In WWE, Matt Cardona was clearly a man of many talents who never got a real opportunity to display said talents.

Thankfully, he never appeared content to just exist in the world of professional wrestling. So many current and ex WWE undercard talent seem happy to either collect a check or continue their by-the-numbers routines when they exit stage left from Titan Towers.

Initially, Cardona appeared no different. Or so I thought.

When in WWE, he was always striving to better himself and get himself over, WWE just never got behind him. He was not the first talent to be grossly overlooked, nor will he be the last. When WWE did their best to extinguish his efforts to become a featured performer, he didn’t accept no for an answer. Sadly, with WWE being WWE, they stubbornly ignored him as they tend to do more often than not. Cardona was eventually, and probably inevitably, released after over a decade working for the company.

Whether right or wrong, the reality is WWE never saw a star in Zack Ryder. He wasn’t the first to be told that creative has nothing for him and he won’t be the last. It’s no reflection on his talents. Regardless of how high his ceiling in professional wrestling is, it’s clear WWE did not maximize his potential. If there was a place on their flagship show for Santino Marella, R-Truth and Brodus Clay, there was for Mr. Woo Woo Woo.

In his time with WWE he got himself over despite the WWE machine’s best attempts to cut the legs from under him. Anyone that tuned into his YouTube show “Z True Long Island Story” could see that at the very least there was something there that could translate into a decent mid-card act. He was relentless and creative, alas mostly in vain as WWE never saw much value in him as some fans chanted his name.

Since his release, he initially didn’t make a huge splash outside of WWE initially. The reality is that he was so badly utilized by WWE that it took him a while to get his WWE stank off him. Cardona was presented him as a habitually winless goof and that’s what the audience saw when he started getting bookings following his release.

But Cardona is a creative guy and he has a smart mind for getting himself noticed. So it was only a matter of time before he reinvented himself following his departure from WWE.

Enter Game Changer Wrestling.

GCW, the closest thing to modern-day ECW, is not where you expect former WWE guy Zack Ryder to pop up. GCW is littered with brutal violence, a clannish fan base and is probably the furthest thing from present-day WWE on the present market.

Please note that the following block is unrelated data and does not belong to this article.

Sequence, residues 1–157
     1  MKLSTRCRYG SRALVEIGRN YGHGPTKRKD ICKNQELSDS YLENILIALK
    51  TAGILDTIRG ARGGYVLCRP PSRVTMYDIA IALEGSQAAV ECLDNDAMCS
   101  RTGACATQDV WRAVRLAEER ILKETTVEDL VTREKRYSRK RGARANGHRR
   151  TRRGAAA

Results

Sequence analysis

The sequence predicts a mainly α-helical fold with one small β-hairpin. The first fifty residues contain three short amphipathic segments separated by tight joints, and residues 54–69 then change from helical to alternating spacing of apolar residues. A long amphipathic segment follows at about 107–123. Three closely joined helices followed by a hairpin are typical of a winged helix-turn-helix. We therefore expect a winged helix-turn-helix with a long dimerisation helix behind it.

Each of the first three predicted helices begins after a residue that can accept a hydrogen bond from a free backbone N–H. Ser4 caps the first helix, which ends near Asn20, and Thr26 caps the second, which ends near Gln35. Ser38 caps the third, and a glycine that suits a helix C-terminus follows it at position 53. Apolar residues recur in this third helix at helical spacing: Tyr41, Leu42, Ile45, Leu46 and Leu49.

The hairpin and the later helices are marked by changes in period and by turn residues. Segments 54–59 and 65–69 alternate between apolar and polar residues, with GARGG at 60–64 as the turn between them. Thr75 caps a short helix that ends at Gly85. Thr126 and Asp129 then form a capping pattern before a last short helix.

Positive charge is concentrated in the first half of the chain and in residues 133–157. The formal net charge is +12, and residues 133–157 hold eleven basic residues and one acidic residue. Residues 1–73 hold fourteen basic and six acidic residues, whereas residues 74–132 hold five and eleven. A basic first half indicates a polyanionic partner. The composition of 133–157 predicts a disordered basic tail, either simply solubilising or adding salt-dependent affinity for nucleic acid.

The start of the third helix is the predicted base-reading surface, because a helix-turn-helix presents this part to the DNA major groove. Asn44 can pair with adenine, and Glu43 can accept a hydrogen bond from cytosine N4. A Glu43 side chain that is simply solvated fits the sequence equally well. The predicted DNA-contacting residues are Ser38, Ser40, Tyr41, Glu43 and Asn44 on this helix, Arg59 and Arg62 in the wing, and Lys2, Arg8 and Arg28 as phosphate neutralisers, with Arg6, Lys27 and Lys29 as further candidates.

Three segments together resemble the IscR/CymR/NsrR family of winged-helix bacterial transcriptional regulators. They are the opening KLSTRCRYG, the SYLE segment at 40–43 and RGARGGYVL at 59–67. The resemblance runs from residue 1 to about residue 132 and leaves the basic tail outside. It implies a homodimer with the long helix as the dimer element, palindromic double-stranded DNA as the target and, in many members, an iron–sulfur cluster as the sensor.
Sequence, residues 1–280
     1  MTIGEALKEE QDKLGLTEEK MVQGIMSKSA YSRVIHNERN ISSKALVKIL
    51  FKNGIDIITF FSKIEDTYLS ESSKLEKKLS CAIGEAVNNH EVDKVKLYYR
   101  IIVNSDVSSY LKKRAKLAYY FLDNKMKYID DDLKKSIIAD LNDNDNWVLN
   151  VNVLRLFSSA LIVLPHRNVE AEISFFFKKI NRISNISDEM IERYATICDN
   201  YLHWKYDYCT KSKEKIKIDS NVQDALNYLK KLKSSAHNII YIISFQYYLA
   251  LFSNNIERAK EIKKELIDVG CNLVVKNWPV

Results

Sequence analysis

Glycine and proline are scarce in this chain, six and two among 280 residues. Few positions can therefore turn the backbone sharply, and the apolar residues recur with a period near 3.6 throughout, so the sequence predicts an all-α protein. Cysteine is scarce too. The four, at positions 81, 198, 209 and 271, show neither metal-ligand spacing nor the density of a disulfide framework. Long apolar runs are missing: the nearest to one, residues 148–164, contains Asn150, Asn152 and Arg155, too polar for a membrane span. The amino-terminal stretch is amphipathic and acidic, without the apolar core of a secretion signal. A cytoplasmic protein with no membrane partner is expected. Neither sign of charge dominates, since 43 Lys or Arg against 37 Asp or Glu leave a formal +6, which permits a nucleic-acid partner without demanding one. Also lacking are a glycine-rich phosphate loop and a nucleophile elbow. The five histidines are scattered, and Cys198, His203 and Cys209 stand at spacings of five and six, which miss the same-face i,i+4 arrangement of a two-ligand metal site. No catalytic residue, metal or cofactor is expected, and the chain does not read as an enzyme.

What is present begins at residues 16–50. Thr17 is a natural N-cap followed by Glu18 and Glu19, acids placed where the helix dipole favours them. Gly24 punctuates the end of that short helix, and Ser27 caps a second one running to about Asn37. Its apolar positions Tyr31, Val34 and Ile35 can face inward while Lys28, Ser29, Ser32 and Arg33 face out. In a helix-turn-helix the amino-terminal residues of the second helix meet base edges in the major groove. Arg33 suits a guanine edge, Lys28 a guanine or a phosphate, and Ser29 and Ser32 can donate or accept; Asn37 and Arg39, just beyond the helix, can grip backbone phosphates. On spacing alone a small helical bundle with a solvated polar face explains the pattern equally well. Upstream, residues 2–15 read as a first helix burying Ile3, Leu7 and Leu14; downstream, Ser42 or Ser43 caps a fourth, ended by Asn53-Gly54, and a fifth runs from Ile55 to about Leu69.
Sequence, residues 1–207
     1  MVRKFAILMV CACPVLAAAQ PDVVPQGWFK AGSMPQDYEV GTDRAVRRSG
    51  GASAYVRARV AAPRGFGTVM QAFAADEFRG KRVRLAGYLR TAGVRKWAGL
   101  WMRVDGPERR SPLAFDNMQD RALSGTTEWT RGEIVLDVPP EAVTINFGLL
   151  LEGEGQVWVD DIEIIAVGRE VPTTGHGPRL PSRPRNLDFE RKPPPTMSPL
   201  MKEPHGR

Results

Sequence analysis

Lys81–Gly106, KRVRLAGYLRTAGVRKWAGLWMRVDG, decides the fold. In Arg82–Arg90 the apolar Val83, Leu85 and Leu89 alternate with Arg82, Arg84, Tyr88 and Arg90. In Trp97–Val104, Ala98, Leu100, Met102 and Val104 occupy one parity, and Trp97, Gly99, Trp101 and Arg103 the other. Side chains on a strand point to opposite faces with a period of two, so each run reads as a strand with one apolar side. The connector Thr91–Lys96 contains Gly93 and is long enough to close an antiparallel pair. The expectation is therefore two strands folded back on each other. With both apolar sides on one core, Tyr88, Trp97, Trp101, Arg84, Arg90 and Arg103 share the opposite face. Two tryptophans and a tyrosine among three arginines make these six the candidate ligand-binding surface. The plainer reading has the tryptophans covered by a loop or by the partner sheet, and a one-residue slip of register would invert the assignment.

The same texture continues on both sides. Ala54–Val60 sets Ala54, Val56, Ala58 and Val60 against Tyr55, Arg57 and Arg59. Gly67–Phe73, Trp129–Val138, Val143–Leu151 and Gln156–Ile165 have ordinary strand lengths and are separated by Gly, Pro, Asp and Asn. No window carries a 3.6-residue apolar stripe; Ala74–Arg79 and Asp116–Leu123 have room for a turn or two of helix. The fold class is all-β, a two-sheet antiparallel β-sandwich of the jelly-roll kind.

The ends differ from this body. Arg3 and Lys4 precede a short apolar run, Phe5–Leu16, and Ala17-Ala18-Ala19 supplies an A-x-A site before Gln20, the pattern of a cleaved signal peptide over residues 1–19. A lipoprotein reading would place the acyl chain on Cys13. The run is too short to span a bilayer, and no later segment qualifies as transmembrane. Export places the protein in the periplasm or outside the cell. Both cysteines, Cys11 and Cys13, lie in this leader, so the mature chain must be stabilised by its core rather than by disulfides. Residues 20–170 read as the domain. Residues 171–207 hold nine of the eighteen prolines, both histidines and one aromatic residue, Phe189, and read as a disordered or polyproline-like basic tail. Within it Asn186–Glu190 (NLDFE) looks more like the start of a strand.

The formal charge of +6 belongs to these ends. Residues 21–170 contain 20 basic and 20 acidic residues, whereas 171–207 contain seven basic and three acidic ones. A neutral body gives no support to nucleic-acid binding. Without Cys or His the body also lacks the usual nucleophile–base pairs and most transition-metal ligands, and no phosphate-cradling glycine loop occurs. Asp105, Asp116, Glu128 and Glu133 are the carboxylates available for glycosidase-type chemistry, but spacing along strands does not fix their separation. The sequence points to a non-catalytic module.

If you asked me what the future would hold had he been announced before his debut, I’d speculate that Cardona would be eaten alive by the rabid GCW fan base. Rather than fear GCW’s mob like culture and everything it stands for, Cardona was savvy enough to use this landscape, as well as his public perception, to his advantage.

Wrestling fans love a target for their hate, and what better target could the loyal audience of GCW have than a clean-cut, WWE nerd who believes he is better than each and every one of them. Just look at Cardona; he looks like a million bucks. He wrestles a safe, by-the-numbers style only WWE producers would encourage and he is about as menacing as a box full of newborn puppies. He represents everything GCW is not. While he doesn’t fit in with the rest of GCW’s roster, it’s this 180 contrast that makes him perfect for GCW.

This would be evidenced at his GCW debut. Cardona would pop up unexpectedly at GCW on the 7th of June following weeks of calling their hero, Nick Gage. The masked Cardona would show up to attack GCW hero Nick Gage and he did it in style.

He teased the crowd by dressing as a druid while displaying Jon Moxley mannerisms in an obvious tease that the purveyor of unscripted violence had arrived to take Nick Gage out. He would leave Gage counting the lights and the fans seeking Mox to be revealed. As the fans frothed at the mouth at the thoughts of a potential Moxley vs. Gage showdown, the rug was pulled from underneath them by the revealing Matt “fucking” Cardona. What a heel move, right.